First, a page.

Alabama team targets international connections at SelectUSA Investment Summit

Alabama is home to a diverse lineup of international companies, and the state’s business recruiters are looking to expand those ranks.

The economic development team is in Washington D.C. at the 2019 SelectUSA Investment Summit, which starts today and is the premier foreign direct investment (FDI) event in the U.S.

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FDI is a significant part of Alabama’s economy. Last year alone, it came from 16 different countries, for a total of $4.2 billion in investment and 7,520 new and future jobs.

Since 2013, the state has attracted $12.8 billion in FDI, according to the Alabama Department of Commerce. It’s spread across a variety of sectors, including automotive, aerospace and bioscience.

“Team Alabama is looking to capitalize on a record-breaking year for FDI in the state, by continuing to build partnerships with world-class international companies looking to grow in the U.S.,” said Vince Perez, a project manager for the Alabama Department of Commerce.

SHOWCASING ALABAMA

SelectUSA is led by the U.S. Department of Commerce, and its annual summit regularly attracts top industry leaders and investors from around the globe. This year’s event is expected to draw more than 2,800 attendees from more than 70 international markets and 49 U.S. states and territories.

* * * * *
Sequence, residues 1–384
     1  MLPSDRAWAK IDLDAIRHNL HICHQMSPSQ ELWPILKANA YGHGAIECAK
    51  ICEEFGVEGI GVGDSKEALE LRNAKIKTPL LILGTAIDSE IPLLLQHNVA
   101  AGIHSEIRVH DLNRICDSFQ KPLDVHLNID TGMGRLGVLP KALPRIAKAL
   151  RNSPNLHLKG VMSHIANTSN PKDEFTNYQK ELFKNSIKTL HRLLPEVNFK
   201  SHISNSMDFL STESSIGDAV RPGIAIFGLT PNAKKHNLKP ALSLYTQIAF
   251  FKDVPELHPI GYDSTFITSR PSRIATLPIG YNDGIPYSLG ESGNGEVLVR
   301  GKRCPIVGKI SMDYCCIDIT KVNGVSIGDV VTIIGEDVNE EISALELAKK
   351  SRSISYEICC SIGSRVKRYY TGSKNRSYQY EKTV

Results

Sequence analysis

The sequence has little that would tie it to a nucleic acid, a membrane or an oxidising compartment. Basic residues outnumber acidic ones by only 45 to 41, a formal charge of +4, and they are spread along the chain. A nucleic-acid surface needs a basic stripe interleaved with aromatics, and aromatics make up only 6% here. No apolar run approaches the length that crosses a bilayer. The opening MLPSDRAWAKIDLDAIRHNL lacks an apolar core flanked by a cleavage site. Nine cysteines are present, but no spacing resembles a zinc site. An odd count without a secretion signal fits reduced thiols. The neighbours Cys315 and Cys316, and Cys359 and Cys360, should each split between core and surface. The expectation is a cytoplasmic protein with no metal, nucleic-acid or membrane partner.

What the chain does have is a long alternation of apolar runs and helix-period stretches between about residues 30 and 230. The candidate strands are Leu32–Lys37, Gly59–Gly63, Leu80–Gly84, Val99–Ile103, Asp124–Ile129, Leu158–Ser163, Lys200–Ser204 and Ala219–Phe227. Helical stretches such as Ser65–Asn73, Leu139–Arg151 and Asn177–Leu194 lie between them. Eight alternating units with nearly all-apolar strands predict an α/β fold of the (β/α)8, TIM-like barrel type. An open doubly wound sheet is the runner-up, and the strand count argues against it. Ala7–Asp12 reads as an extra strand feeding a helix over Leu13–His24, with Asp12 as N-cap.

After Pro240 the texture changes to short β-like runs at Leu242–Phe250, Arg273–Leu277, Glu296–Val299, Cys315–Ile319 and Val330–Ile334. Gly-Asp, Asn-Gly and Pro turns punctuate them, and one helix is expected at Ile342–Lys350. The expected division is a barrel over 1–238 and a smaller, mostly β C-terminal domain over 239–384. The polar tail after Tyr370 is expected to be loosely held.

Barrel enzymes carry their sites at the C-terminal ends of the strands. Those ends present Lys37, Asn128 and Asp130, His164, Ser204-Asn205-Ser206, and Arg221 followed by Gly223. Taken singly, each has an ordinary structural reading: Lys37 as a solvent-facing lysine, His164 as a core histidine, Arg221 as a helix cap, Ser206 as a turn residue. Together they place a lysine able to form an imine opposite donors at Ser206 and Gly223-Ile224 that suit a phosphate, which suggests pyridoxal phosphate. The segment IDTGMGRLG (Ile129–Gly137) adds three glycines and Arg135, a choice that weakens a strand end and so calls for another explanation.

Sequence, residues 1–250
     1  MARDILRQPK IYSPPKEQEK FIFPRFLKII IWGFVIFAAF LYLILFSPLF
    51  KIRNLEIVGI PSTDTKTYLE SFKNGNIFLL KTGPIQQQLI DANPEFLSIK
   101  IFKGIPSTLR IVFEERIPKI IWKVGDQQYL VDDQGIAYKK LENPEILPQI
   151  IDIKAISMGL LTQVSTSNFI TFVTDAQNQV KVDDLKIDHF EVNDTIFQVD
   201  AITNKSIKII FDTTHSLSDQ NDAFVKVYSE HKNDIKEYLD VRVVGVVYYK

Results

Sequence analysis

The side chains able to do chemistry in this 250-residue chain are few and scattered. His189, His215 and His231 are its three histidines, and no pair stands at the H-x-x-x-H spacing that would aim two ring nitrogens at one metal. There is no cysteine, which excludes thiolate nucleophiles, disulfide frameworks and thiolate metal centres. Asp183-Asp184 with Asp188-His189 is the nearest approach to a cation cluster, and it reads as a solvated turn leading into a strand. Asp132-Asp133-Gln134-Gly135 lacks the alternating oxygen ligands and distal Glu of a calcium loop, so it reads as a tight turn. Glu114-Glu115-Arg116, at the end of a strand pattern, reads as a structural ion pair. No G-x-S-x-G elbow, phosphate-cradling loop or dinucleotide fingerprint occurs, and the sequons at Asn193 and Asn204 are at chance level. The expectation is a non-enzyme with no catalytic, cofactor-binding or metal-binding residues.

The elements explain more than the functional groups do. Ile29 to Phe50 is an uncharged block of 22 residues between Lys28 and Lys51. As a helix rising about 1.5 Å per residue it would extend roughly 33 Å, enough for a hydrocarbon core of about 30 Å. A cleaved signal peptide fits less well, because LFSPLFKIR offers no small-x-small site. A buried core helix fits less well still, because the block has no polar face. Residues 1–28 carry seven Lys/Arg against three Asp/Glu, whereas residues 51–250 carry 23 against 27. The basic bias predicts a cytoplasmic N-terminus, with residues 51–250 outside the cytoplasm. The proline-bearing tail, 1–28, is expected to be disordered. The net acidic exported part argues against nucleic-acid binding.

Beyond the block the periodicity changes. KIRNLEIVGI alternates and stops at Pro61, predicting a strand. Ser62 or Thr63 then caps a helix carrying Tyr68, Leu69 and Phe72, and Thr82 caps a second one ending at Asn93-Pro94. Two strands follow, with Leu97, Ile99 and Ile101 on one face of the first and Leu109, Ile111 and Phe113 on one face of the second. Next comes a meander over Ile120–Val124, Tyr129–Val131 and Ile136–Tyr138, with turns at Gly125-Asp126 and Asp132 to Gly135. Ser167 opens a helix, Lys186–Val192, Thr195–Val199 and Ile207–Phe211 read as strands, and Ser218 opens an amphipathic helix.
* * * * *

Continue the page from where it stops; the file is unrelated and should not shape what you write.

Participants of the past five summits have announced $103.6 billion in greenfield FDI in the U.S. within five years of attending, supporting more than 167,000 U.S. jobs.

“We are excited to have another opportunity to showcase Alabama’s vibrant business climate that’s been cultivated over the years through business-friendly policies,” Perez said.

“This year’s Investment Summit is very timely as we will be armed with the recently passed Incentives Modernization Act, which upgraded our already-strong incentive tool kit, making us more marketable than ever.”

The measure targets counties that have had slower economic growth. In particular, it expands the number of rural counties that qualify for investment and tax credit incentives. It also enhances incentives for technology companies.

Joining the Commerce Department at the SelectUSA Summit are PowerSouth, the North Alabama Industrial Development Association, the Economic Development Partnership of Alabama, Alabama Power Co., and Spire.

Speakers at the summit will include key government and industry leaders who will discuss opportunities in a broad range of areas and industries, such as energy, infrastructure, agriculture and technology.

FDI supports nearly 14 million American jobs, and it is responsible for $370 billion in U.S. goods exports. The U.S. has more FDI than any other country, topping $4 trillion.

(Courtesy of Made in Alabama)

A ‘Story Worth Sharing’: Yellowhammer News and Serquest partner to award monthly grants to Alabama nonprofits

Christmas is the season of giving, helping others and finding magic moments among seemingly ordinary (and occasionally dreary) days. What better way to welcome this season than to share what Alabamians are doing to help others?